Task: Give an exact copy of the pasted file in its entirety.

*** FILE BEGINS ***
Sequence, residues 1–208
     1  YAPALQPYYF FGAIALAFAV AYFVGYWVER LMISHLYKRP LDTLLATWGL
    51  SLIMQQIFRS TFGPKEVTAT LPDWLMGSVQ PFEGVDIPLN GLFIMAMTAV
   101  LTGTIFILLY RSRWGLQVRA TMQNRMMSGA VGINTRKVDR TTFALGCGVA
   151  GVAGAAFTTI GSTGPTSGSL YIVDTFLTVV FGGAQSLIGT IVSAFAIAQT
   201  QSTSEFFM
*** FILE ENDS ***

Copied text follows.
Sequence, residues 1–208
     1  YAPALQPYYF FGAIALAFAV AYFVGYWVER LMISHLYKRP LDTLLATWGL
    51  SLIMQQIFRS TFGPKEVTAT LPDWLMGSVQ PFEGVDIPLN GLFIMAMTAV
   101  LTGTIFILLY RSRWGLQVRA TMQNRMMSGA VGINTRKVDR TTFALGCGVA
   151  GVAGAAFTTI GSTGPTSGSL YIVDTFLTVV FGGAQSLIGT IVSAFAIAQT
   201  QSTSEFFM